Uganda - Kampala Calling

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It was close on an hour when we finally came across the gorillas. The sunshine had been coming and going all morning but now seemed to have gone. Light was difficult for photography. I put the camera up to 800ASA and that was fine for a while. There was of course excitement on first seeing the gorillas and realising how close we could be without them minding, they seemed so big and so gentle. Occasionally they would look at us but they seemed mostly occupied with eating and with each other. We were told because we had reached them late that we had missed their siesta time when they all congregate and the juveniles play. Now they had dispersed and were eating again. The tourists took it in turns to stand in front of each other to take the best photos. As our precious hour went on, the mist moved in and the light was too poor for any more photography, still it was exhilarating to see them although I would not want to put a price on it.

Soon it was time to go, we'd had our hour but also it had started to rain really hard. At first we sheltered under big trees and then when it eased we started to make our way down. Having contoured around nearly half of the mountain, we headed straight down. The rangers used their radio to tell the vehicles where to collect us. We walked for another 2╝hrs.

The "vehicles" turned out to be my privately hired US$50 pickup that was waiting. The westerners were grateful there was a vehicle and climbed in the back. The rangers and guides recognised the driver as a regular. I made a point of getting in the front and when a guide tried to get in too I reminded him that this was my charter. This felt a bit mean and proprietary but on this occasion it felt very much a matter of principle. I had arrived on my own, no one to hitch or share a lift with so I chartered a 4X4 of my own for the day at great expense so that I could be sure of using my even more precious gorilla permit, if I hadn't then I don't think there would have been a vehicle to collect us as all the others had come in their own cars.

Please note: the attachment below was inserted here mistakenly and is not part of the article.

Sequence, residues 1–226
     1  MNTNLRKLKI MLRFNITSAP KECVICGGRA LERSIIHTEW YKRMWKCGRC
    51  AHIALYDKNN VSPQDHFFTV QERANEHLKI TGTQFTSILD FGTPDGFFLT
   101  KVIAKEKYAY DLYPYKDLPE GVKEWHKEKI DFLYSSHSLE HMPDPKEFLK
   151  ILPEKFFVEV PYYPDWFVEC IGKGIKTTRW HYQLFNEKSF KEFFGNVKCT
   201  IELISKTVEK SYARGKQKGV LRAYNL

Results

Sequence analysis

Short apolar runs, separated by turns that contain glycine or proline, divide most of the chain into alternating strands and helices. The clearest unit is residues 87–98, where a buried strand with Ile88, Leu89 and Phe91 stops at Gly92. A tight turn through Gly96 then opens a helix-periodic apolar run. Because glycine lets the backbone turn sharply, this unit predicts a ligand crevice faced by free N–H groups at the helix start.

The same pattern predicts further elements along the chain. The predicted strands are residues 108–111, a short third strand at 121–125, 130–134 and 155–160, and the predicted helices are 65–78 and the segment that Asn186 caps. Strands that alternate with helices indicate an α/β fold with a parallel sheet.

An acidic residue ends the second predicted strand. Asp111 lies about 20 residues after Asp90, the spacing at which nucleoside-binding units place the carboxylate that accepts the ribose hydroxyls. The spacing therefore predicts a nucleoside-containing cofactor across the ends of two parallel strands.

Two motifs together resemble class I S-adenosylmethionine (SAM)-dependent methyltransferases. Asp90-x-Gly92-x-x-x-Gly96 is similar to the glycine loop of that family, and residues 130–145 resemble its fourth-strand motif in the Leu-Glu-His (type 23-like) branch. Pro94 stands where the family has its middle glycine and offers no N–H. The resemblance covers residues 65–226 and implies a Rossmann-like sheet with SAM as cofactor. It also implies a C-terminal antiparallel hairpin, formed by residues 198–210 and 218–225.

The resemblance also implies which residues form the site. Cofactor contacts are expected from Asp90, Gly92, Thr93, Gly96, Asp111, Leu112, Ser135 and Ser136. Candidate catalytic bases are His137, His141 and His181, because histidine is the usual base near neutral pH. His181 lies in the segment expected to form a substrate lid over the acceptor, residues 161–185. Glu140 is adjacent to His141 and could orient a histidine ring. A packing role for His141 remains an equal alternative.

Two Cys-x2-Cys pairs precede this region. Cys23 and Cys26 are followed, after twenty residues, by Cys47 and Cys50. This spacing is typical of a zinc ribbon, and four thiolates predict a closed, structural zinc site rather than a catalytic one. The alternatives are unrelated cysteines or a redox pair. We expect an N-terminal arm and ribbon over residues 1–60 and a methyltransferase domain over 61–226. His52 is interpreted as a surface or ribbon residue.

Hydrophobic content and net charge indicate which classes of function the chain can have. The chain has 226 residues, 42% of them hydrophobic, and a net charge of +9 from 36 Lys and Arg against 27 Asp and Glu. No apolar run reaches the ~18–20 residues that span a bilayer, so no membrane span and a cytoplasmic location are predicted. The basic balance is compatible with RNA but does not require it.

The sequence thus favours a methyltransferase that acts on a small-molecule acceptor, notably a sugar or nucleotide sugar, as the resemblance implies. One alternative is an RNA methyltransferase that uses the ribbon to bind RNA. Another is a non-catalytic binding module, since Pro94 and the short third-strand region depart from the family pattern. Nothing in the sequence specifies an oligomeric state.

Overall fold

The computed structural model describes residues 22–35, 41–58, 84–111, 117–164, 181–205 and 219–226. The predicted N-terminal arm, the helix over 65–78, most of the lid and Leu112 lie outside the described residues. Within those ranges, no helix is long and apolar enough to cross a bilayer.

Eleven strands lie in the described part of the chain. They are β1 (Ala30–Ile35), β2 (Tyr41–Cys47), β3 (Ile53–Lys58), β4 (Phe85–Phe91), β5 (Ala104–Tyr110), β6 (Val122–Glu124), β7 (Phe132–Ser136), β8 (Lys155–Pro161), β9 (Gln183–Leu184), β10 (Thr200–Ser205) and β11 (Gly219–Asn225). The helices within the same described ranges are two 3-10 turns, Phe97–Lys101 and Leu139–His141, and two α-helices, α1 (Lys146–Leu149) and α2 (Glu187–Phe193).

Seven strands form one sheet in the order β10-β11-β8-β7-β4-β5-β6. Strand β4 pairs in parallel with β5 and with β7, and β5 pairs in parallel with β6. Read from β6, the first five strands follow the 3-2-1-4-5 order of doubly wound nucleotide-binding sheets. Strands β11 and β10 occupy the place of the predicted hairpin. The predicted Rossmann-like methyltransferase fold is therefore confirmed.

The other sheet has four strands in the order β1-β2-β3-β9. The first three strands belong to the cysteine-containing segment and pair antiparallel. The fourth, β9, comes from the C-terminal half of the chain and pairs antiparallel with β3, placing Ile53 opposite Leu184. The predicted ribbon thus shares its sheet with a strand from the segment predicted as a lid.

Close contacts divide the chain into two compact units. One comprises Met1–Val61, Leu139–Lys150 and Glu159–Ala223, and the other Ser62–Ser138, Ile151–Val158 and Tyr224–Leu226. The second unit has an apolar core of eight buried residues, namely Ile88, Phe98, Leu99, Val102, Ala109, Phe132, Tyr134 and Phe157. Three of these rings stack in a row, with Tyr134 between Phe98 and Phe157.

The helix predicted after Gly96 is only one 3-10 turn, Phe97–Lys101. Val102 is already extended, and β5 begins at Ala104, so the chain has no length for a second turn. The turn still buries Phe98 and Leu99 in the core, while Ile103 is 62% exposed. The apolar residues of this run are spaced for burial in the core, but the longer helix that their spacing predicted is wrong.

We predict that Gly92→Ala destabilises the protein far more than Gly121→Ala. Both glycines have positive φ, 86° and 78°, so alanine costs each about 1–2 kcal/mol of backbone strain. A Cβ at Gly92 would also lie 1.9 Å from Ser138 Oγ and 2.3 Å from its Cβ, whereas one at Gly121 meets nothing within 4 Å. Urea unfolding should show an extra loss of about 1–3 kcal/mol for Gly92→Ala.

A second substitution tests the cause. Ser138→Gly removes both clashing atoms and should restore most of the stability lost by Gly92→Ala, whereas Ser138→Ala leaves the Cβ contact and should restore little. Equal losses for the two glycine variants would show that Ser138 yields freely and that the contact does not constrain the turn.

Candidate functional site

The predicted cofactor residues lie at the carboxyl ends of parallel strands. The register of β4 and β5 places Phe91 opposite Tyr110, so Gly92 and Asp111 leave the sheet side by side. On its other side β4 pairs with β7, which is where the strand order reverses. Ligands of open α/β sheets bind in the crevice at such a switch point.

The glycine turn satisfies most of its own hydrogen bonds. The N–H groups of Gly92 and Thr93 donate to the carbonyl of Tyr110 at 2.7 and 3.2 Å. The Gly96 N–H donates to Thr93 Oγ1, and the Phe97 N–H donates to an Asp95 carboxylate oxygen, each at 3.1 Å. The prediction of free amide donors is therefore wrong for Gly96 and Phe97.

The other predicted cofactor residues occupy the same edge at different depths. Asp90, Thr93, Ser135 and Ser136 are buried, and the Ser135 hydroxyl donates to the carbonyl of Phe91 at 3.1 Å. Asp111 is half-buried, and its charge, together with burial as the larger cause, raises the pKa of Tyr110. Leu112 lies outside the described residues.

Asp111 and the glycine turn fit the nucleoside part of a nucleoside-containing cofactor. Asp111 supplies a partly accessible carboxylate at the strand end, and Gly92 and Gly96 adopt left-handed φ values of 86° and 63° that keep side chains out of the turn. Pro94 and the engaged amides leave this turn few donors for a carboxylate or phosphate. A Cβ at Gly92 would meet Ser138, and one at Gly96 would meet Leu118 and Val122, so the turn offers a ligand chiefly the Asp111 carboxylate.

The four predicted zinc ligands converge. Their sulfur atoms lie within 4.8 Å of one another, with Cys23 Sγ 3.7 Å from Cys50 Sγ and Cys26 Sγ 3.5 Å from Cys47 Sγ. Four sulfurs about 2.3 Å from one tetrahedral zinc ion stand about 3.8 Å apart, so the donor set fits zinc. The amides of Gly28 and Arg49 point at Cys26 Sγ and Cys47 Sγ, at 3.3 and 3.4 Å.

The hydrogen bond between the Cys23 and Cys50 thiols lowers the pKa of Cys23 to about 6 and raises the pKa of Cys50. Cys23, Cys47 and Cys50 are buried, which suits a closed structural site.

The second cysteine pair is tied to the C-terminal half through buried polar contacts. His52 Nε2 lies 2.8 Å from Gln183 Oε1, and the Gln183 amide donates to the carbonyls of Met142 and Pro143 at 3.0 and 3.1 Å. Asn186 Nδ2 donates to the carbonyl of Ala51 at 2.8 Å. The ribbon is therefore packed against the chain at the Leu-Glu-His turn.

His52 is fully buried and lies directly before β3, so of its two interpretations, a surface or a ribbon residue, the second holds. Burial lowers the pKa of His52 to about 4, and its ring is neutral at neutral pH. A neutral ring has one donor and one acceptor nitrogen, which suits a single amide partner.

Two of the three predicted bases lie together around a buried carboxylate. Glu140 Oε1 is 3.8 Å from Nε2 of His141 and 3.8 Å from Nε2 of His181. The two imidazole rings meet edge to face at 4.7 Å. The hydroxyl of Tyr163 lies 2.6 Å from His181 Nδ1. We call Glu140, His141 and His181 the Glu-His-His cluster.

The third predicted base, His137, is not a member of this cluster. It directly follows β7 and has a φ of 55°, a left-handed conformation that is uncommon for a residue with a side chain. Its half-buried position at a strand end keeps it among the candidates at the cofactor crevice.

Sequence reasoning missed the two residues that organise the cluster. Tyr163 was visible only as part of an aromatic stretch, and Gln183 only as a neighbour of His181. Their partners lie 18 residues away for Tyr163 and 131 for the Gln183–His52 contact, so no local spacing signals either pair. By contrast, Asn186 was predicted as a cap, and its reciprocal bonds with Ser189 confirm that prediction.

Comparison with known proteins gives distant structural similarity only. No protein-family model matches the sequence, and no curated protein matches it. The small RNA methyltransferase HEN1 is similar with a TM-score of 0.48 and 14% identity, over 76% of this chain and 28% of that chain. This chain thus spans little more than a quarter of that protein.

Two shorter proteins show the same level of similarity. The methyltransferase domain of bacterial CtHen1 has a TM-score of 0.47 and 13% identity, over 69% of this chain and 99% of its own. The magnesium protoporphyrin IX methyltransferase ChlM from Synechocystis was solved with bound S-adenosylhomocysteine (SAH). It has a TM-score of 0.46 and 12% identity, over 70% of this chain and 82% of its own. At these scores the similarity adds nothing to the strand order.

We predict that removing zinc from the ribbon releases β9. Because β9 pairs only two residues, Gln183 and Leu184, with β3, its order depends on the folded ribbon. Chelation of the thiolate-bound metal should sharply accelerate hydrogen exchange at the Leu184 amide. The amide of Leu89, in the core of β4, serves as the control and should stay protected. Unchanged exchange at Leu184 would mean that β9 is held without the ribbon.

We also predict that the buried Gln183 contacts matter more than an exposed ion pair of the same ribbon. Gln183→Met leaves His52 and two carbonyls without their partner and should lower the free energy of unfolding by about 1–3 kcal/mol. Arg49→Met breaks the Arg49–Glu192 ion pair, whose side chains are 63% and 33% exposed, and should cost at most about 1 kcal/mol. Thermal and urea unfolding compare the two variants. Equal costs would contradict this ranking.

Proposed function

The local children had seen "wazungu" (foreigners) come off the mountain before and gathered around to ask for our used mineral-water bottles, in fact all the way back to the "parking" children were running alongside and shouting "chupa" (bottle).

That evening I ate again at a hotel in town. Enjoyed spinach soup, followed by fish in breadcrumbs and chips. The town was a lot quieter, I presume because it was Sunday; most shops were closed, even my guesthouse bar shut by 2200.

Rwanda - Gorillas Found

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